Writing a resume objective was once the first thing students did when writing a resume, but today it has more specific applications for those without experience or those with experience not directly related to the field they want to work in. Resume objectives are short, to-the-point statements that introduce your student skill sets in the context of a specific job. Summary statements have replaced the resume objective, giving students with varied experience the chance to transition their resumes from academia to their first jobs or to request increased levels of responsibility.
How You Used to Write a Student Resume Objective
Writing a resume objective for students begins with assessing your level of academic experience. Resume objectives are still very useful for students seeking entry-level positions, those changing fields or those who are looking for a promotion. For example, if you studied nursing and had advanced coursework that involved actual experience working under a certified nurse, you would use your objective to explain how this experience transfers well to a medical technician job. Objectives were created to put the information within a student resume into a practical context that would appeal to employers. Consider the following examples of writing a resume objective for students:
Engineering graduate with hands-on laboratory experience seeks entry-level position at New Town Mechanics.
Certified nursing assistant with home companion work experience looking for position at a long-term care facility.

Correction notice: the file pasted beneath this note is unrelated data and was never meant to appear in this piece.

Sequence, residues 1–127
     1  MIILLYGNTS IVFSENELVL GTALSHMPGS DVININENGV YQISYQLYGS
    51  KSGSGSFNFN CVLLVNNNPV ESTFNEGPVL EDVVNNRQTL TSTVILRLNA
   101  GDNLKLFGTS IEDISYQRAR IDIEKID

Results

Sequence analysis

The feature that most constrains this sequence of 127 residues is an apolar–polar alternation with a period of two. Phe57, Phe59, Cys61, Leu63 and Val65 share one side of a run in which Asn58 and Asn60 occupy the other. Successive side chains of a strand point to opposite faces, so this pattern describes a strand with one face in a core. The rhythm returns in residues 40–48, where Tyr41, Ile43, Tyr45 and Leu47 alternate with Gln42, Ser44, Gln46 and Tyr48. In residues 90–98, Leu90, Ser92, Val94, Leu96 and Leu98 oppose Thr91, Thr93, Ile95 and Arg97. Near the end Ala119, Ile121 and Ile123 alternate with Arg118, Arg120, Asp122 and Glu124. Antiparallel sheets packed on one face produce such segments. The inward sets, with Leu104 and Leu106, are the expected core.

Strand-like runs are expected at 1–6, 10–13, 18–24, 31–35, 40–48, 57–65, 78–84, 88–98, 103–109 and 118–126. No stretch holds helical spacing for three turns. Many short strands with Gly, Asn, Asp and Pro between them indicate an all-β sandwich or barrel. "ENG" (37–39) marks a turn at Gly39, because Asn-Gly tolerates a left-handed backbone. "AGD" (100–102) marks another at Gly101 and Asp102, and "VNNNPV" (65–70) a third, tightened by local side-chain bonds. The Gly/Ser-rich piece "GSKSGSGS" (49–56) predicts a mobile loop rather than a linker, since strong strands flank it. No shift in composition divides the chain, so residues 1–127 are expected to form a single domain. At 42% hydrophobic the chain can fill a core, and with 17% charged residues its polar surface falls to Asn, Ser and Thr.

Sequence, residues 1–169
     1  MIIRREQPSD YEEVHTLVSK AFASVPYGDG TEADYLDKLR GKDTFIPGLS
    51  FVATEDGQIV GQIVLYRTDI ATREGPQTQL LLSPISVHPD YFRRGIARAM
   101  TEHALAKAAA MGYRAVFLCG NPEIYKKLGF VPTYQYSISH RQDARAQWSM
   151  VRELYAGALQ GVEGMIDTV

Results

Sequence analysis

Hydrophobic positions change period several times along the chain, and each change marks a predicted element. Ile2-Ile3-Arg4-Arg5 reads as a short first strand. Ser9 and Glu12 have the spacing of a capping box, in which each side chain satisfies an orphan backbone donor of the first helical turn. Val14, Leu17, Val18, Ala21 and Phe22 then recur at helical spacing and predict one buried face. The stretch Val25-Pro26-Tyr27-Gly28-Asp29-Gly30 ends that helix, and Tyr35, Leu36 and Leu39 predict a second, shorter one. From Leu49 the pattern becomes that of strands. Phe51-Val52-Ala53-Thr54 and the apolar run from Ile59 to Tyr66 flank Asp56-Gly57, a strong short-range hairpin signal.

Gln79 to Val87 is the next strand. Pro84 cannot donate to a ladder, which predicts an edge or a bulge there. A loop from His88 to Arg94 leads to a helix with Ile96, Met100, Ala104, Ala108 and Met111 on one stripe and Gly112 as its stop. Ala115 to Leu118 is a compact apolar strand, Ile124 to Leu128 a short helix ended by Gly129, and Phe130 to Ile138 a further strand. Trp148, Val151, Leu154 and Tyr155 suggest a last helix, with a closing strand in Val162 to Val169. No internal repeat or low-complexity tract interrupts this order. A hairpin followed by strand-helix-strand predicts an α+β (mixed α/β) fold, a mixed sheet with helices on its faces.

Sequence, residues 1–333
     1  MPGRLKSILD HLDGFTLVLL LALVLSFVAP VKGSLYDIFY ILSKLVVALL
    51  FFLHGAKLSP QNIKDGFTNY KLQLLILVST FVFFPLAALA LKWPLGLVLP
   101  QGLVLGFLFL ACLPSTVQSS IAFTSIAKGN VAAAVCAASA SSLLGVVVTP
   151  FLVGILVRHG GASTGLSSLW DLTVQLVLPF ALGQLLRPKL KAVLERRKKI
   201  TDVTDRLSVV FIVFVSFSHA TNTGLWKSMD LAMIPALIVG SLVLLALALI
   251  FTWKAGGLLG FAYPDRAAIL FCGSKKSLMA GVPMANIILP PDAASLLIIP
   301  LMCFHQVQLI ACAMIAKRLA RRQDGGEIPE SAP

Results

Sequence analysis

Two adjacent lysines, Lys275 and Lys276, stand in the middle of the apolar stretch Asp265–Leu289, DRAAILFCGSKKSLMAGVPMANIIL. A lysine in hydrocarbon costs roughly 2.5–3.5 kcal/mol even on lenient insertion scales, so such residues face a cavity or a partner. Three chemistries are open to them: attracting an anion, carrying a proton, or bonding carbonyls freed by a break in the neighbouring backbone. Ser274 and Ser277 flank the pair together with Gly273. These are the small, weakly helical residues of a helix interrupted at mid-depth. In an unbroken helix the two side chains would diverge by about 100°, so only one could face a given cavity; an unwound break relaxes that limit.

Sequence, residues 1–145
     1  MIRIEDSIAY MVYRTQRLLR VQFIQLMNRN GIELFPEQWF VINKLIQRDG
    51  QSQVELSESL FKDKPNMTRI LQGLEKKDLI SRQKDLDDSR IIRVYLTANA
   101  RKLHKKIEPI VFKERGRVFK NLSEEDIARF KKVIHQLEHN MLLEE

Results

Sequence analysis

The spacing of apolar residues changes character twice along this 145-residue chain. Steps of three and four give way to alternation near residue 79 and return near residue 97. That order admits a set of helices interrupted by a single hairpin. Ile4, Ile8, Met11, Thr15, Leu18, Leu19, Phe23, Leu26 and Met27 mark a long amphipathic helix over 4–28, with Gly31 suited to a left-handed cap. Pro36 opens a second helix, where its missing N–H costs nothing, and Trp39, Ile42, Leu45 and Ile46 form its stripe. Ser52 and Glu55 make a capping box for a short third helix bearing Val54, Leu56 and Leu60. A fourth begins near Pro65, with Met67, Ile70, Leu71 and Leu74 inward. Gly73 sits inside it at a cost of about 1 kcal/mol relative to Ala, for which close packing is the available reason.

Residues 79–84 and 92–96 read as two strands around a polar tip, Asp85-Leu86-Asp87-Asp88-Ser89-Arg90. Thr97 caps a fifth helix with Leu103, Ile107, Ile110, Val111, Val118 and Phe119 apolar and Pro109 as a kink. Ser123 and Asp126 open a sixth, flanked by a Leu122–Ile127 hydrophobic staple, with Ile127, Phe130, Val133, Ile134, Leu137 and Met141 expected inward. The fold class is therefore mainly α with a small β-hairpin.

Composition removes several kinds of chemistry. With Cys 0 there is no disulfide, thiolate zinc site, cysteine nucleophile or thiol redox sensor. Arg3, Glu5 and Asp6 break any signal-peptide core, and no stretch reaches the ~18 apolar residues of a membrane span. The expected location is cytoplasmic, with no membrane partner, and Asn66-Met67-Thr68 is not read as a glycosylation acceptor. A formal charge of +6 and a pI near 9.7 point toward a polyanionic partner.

How to Write a Student Resume Summary Statement
Unlike writing a resume objective, writing a summary statement allows you to focus on multiple areas of your student experience. From coursework you took that is particularly relevant to the job you are applying for to internship experiences, your summary statement is four to six lines of overview of your student career. A summary statement should focus on the specific strengths and skills you gained as a student that are transferable to your chosen career path. Include such information as academic honors and recognition, certifications and the soft skills you have gained through life as a student. Consider the following examples of a summary section written for students seeking their first post-graduate jobs:
Experienced graduate student with four years of work experience as a desk worker in the campus library and supervisory experience in the periodicals department. Strong interpersonal skills, organized and methodical. Goal-oriented and committed.
Anthropology major with three field expeditions in Africa and Laos, dependable in high-pressure situations. Experienced in sample collection, cataloging and current excavation methods and procedures. Fluent in Lao.
Each of these summary statements is written in such a way that emphasizes the student’s practical experiences within the broader context of their education. Show employers the experiences and positive attributes you have gained as a result of your education. While a resume objective states what you want from an employer, a student summary statement gives you the chance to demonstrate how your educational experiences would benefit the employer if you are hired.
Writing a resume objective and writing a summary statement may seem similar at first, but you can see how different these processes are in the context of the student resume. A resume summary statement lets you sell your skills and educational experiences without the narrower focus of a resume objective.
The advice and techniques given on LiveCareer may be helpful as you strive to create a dynamic resume statement that fully showcases the unique experiences and practical skill sets you gained while obtaining your degree.